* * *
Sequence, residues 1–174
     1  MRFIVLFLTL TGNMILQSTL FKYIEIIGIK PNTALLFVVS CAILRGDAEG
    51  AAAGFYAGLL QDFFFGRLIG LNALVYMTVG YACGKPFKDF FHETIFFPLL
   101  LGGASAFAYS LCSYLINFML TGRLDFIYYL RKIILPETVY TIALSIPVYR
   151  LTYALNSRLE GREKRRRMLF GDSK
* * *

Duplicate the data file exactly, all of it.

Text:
Sequence, residues 1–174
     1  MRFIVLFLTL TGNMILQSTL FKYIEIIGIK PNTALLFVVS CAILRGDAEG
    51  AAAGFYAGLL QDFFFGRLIG LNALVYMTVG YACGKPFKDF FHETIFFPLL
   101  LGGASAFAYS LCSYLINFML TGRLDFIYYL RKIILPETVY TIALSIPVYR
   151  LTYALNSRLE GREKRRRMLF GDSK